For more information or to book: email@example.com
Kitchen Sink restaurant buzz Want the latest YEG food and drink news delivered to your inbox weekly? Sign up for The Bite at the tomato.ca Baijiu (10359-104 Street, baijiuyeg.com) The eagerly awaited Baijiu, Kevin Cam’s new spot in the Mercer building is now open. Drinks by Tommy Cheng, food by Alexei Boldireff, with a focus on fine cocktails and Asian-inspired plates, including late night dumplings, bao and dim-sum inspired dishes. The location is ideal for pre- or post-game drinks at Rogers, Tuesday-Friday. End the weekend with aperitivi at Bar Bricco (10347 Jasper Avenue, 780-424-5588, barbricco.com) Order a cocktail or glass of wine while servers walk around with platters of spuntini and explain what delightfully delicious little nibble you are eating. That sounds like the perfect Sunday evening, from 3-9pm. The Marc (9940 106 Street, 780-429-2828,themarc. ca) holds their popular explorations of French regional cuisine: Tour d’Alsace featuring the toothsome food and drink of Alsace; Thursday, January 12 to Saturday, January 21. Le Tour de Burgundy starts Thursday, February 10 to Saturday, February 18. Both are terrific value, $49/pp for a three-course dinner. Micheal Giasson is the new chef at Have Mercy (8232 Gateway Blvd, 780-760-0203, havemercy.ca). Micheal has over a decade of experience as a Red Seal chef including working with Emmanuel David and at Earl’s. Bündok (10228 104 Street, 780-420-0192, bundokyeg. com) the new project by chef Ryan Hotchkiss opened quietly in late December. Expect seasonal Canadian cuisine with a short and sweet wine and cocktail list. In the Fox Tower, open Tuesday-Saturday 5pm till late. Check out the new restaurant in Norwood called Otto (11405 95 Street.) It’s the latest project by Ed Donszelmann, who some may remember from his days as the Big Rock beer guy. The highlight of the accessible menu by Thomas Spacinsky (Culina Mill Creek) is the tasty sausages by Steven Furgiuele (Fuge Meats).
Josper grill which cooks meats at an extremely high temp. The entire culinary operation at Grand Villa is overseen by chef Shelley Robinson, considered to be one of the best chefs in the country. Open for lunch Monday-Friday and dinner seven nights a week. The Victoria Weekend Brunch at the Dogwood Cafe (12130 River Valley Road, 780-442-1636, culinafamily. com) is back! Saturday and Sunday from 9am-3pm. No reservations required for counter service offering classics like eggs benny, cheese omelets and French toast. Enjoy the new Winter City Patio firepit or snuggle around the fireplace with Baileys and coffee. Dogwood Brunch at Riverside Golf Course is on Sundays only, from 9-3pm. The Mexican-influenced brunch menu features fresh salsas and sauces from chef Stuart Whyte of Original Redhead Condiments. Culina Muttart (9626 96A Street, 780-466-1181) is open Thursday nights for dinner from 5pm-8pm with weekly specials by chef de cuisine, Stephane Alcasabas. Drop in for dinner at the Dogwood Café after an afternoon ski on the Victoria Golf Course. The fun menu features ski lodge cuisine such as cheese fondue and French onion soup. Thursday-Sunday from 4pm-9pm, for reservations and menus, visit culinafamily.ca .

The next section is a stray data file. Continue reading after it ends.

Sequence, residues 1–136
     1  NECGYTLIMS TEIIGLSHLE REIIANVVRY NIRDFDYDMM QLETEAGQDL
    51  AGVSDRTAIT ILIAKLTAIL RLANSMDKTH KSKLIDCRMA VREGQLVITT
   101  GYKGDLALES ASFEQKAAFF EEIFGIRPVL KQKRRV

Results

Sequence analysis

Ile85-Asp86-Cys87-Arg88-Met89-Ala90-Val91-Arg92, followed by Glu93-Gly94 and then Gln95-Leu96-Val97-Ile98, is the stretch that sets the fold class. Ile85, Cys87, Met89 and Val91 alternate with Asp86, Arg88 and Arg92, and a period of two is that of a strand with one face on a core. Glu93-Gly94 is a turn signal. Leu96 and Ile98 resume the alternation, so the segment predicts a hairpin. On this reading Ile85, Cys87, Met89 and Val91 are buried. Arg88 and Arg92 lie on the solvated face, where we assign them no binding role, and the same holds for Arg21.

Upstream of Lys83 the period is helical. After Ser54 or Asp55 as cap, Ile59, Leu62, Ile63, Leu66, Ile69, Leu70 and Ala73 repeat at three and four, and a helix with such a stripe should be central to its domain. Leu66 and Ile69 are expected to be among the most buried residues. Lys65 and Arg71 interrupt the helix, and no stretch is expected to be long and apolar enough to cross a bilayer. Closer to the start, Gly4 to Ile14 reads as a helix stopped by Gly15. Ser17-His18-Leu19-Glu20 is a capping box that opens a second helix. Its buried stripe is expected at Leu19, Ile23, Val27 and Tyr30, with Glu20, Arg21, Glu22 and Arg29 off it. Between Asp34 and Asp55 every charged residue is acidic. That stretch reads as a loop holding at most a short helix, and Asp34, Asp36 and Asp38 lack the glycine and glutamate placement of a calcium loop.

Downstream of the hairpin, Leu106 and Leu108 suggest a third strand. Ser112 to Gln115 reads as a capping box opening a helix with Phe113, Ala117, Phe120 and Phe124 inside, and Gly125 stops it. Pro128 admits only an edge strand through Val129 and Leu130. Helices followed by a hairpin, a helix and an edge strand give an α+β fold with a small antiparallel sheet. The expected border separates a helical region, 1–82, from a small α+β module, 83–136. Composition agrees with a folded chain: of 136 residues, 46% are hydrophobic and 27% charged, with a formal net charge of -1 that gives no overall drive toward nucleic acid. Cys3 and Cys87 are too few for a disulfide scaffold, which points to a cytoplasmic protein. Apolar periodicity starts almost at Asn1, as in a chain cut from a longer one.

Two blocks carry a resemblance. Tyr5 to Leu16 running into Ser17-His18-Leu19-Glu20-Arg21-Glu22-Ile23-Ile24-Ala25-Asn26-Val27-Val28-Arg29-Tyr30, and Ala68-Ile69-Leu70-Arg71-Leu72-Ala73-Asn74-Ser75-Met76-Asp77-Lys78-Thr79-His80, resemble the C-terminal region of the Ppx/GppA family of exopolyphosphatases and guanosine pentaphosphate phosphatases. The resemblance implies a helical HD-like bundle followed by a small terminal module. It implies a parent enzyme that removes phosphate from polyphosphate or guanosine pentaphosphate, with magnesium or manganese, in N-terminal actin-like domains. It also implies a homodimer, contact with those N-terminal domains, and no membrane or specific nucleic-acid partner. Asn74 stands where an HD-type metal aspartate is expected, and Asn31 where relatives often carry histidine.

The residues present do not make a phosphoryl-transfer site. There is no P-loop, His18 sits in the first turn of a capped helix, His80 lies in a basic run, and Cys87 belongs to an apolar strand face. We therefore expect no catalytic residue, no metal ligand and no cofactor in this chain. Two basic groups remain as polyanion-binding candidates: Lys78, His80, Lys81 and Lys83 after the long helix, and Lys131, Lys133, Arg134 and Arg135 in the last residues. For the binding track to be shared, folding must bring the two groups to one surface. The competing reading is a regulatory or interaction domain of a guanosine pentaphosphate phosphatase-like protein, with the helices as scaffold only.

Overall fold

wine tastings. happenings and events Enjoy a Valentine’s menu filled with delicious choices, 12 appetizer selections, 10 entrée selections and four dessert selections on Monday, February 13 at XIX Nineteen Terwillegar (5940 Mullen Way, 780-3951119), and Tuesday, February 14 at XIX Nineteen St Albert (#104, 150 Bellerose Drive, 780-569-1819). Reservations, dinenineteen.com, $85/pp. No word yet on the menu for Valentine’s at The Cavern (#2, 10169 104 Street, 780-455-1336, thecavern.ca) but you know it will be elegant and romantic. The cheese shop space transforms into candle-lit Parisian boite in the evening. Also available, Valentine’s Gift Boxes, yum.
La Boule Patisserie and Bakery (8020 101 Street, 780760-2253, laboulebakery.ca) is now open with 20 or so seats for coffee and outstanding pastry. Coming soon, fine breads and there is a chocolate room, oh yes! Open Tuesday through Sunday.
Aligra Wine and Spirits (#1423, West Edmonton Mall, Entrance 58, 8882 170 Street, 780-483-1083, aligrawineandspirits) hosts their 10th anniversary Robbie Burns Night with a blind Scotch tasting event, January 24, from 7-9pm, $65/pp. The Mid-winter Rum Tasting is guaranteed to warm you up, February 21, from 7-9pm, $50/pp.
We are thrilled there is a new steak house in town, Atlas Steak + Fish in the Grand Villa Casino (Rogers Place, 10224 104 Avenue, 780-413-3178, atlassteakandfish. com). Atlas is the real deal. They have a fantastic Spanish
Century 21 Platinum and Easter Seals is encouraging local coffee shops to design a special hot chocolate for the Edmonton Winter Festival in February. Proceeds
32 January February 2016 | The Tomato
to Easter Seals helps send kids with disabilities to summer camp. Visit YEGhotchocolate.com for all the participating coffee shops. Keep an eye out for a series of events at the Prairie Noodle Shop to help fund Gold Medal Plates Edmonton champion Eric Hanson’s trip to the national Culinary Competition in Kelowna. The chef’s costs are covered but Eric is hoping to bring his wife and mother, prairienoodleshop.ca Northern Lands promises to be a stellar opportunity to taste both the best of Canada and Italy. And, if you work in the hospitality trade and register for the Northern Lands Canadian Trade Tasting by January 31 you could win some cool prizes. Edmontonians could win a mixed case of Canadian wine. Out-of-town trade could win two nights at the Westin and two tickets to Meet Your Makers Saturday, May 6. Sweet! Two opportunities to meet and taste with Luis Pato, who Jancis Robinson calls “one of the most inventive winemakers anywhere, and most certainly within Portugal.” Thursday, March 23, tasting at Vines of Riverbend (2331 Rabbit Hill Road), $30/pp, info@ vineswinemerchants.com, and dinner at Ernest’s (NAIT, 11762 106 Street) Friday, March 24. Tickets $95/pp, email firstname.lastname@example.org. The Italian Centre Shops are starting a monthly Chef ’s Inspiration Series with recipes, demos and dinners. Here’s how it works: on the first Saturday of each month customers can sample the dish and pick up their free recipe card at all three locations. Featured chefs host popup dinners at Spinelli’s Southside (104A Street and 51 Avenue) featuring the recipe paired with wines selected by Juanita and Kelsey Roos from Color de Vino. Chefs include Brad Smoliak (Kitchen by Brad), Blair Lebsack (RGE RD), James Szutarski (NAIT), Lino Oliviera (Sabor), Sonny Sung (Bistecca) and Doreen Prei (Get Cooking). Dinners are $65-$75 for three courses paired with wine. Sean O’Connor’s (Red Ox Inn) chocolate pot du crème is featured at the first dinner on Tuesday, February 7. Book at the italiancentre.ca.